In Mumbai, even jazz gets the blues

DNA-1st December ’06

Just outside the gates of the JW Marriott you will hear dhinchaak rickshaw beats, angry traffic honks and abuses. But in the cosy hotel lobby, for a few hours every Wednesday through Saturday, you can get away from the din and lose yourself in the improvisations of The Brown Indian Band, the resident outfit that plays fusion jazz.

Colin D’Cruz, the band’s bassist, reminisces about the good old days in the late ’70s, when he played jazz every night in restaurants and hotels dotting Churchgate and Colaba.

“In Goa, over the next two months, the stretch between Calangute and Baga sees about 3,000 live music performances every night,” says D’Cruz. “Mumbai was once like that, with jazz playing at Gaylord, Oberoi, The Taj, Berry’s, Venice, Talk of the Town and more.” Of these, the last named, now Not Just Jazz By The Bay, is one of the few to survive. “It should be renamed Anything But Jazz By The Bay,” D’Cruz jokes.

Bombay had a swinging jazz scene from the ’60s till the ’80s. Jazz legends Duke Ellington and Dave Brubeck visited to get in on the action. Prakash Thadani, organiser of Jazz Utsav says, “Now it’s all about fashion shows and brand launches. But before the Page 3 culture hit, people wanted to be seen at jazz concerts.”

Today, you can count on your fingers the places in the city where you can catch a jazz band. Club owners complain about foggy licensing issues that are pulling the plug on live entertainment. Henry Tham, who hosts regular blues nights at his eponymous lounge in Colaba every Thursday, says, “The same police act book that deals with crimes like kidnapping, theft and murder, addresses something as innocent as singing and dancing, as if it’s a crime to have a good time. Is it a crime to sing? Should I need a licence or police permission to dance?”

He explains how the livelihood of musicians is at stake as it is practically impossible for restaurants to host musicians regularly. “We need the same permission as that required for a full-scale concert — car parking, and electrical and fire clearances. The rules are no different for small little bars that want a pianist.”

In Bandra’s Pali Market lies Meldan D’Cunha’s endearing restaurant Soul Fry. Its walls are dotted with jazz memorabilia, including a picture or two of Dizzy Gillespie. It hosted jazz nights twice a month for six years. But for the last few months, it has dined silent.

The culprit: licensing issues. D’Cunha hosted similar nights at Trafalgar Chowk, which also stopped around the same time. Even as he raves about professional rhythm and blues and jazz singer Sonia Saigal, touting her as the best jazz singer in the country, he will also tell you that the market for jazz has shrunk. “The number of jazz concerts in the city has gone down.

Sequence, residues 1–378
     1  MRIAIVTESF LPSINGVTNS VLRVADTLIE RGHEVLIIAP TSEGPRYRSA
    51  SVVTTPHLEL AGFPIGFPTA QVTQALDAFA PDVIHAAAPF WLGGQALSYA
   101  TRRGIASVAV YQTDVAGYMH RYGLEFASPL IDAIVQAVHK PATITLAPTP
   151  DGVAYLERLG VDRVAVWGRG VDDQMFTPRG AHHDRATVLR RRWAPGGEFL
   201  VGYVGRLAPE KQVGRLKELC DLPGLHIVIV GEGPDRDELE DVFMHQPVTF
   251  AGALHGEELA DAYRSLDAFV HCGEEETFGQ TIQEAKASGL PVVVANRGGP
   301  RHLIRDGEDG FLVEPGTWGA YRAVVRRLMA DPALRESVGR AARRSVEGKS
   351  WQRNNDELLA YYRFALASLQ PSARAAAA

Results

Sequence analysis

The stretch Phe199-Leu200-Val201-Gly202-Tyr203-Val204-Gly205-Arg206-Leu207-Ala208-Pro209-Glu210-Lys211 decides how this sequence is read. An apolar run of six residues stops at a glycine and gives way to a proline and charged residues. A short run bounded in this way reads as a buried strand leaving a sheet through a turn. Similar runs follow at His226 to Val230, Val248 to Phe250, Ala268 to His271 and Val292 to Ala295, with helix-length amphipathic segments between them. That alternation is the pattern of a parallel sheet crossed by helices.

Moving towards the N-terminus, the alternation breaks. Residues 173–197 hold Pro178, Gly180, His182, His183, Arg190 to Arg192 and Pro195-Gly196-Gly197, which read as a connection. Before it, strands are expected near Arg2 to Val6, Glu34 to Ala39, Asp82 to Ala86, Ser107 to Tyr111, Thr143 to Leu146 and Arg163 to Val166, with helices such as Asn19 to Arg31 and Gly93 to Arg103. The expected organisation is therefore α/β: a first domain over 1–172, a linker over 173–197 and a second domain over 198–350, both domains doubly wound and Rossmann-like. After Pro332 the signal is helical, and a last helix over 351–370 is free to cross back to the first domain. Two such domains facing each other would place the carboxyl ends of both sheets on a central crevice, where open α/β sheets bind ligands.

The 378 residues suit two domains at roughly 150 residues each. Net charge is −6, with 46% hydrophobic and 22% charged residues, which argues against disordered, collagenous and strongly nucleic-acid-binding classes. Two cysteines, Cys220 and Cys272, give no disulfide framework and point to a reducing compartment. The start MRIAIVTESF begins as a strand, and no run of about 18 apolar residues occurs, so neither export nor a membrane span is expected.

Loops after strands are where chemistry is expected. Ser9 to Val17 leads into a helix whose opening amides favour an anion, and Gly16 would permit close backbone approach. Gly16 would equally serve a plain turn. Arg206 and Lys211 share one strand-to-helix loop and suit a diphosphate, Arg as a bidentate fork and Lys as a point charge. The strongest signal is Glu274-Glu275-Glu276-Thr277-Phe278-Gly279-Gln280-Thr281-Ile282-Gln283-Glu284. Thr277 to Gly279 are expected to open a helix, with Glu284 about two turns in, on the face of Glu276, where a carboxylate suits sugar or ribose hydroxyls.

The main reason is Hindi pop, with the likes of Himesh Reshammiya making crores of rupees.” Ask him about the future of jazz in the same city where jazz violinist Stéphane Grappelli and popular group Shakti have played, and he says, “You can’t open just a jazz café. It won’t work.”

But it may not be all that bad. If Mumbai’s club owners and managers are to be believed, the city’s jazz audience is dotted with newer, younger faces. While the coterie was once restricted to 40-plus old-timers and a handful of expatriates, Tham confirms that he sees many youngsters coming back for more every week. D’Cruz says he is surprised to find the younger lot more interested and informed about jazz, asking for various jazz standards.

But sometimes there can be too much of a good thing, as it is this weekend — the dedicated jazz crowd is going to have to decide between two extremely promising shows on December 2 and 3. Their choices swing between Jazz Utsav 2006 and Bunny Brunel & the Jazz All Stars.

The organisers of both shows have expressed regret over the clash of dates. Says Thadani, “Jazz Utsav might draw more people because it is a free event, but the fact that the other event is on the same night is very sad for the jazz crowd in Mumbai.

It’s disheartening that jazz lovers will have to choose.” While Neil Rodrigues, general manager of Pulz, host of the Bunny Brunel gig, says, “Those familiar with the artists will make sure they come, as it is a once-in-a-lifetime opportunity. I would also have loved to be there for the Jazz Utsav, but unfortunately they clash.” But perhaps this will boost the minuscule jazz scene, and the tribe of usual suspects turning up at all the shows will increase.

By Riddhi Parekh


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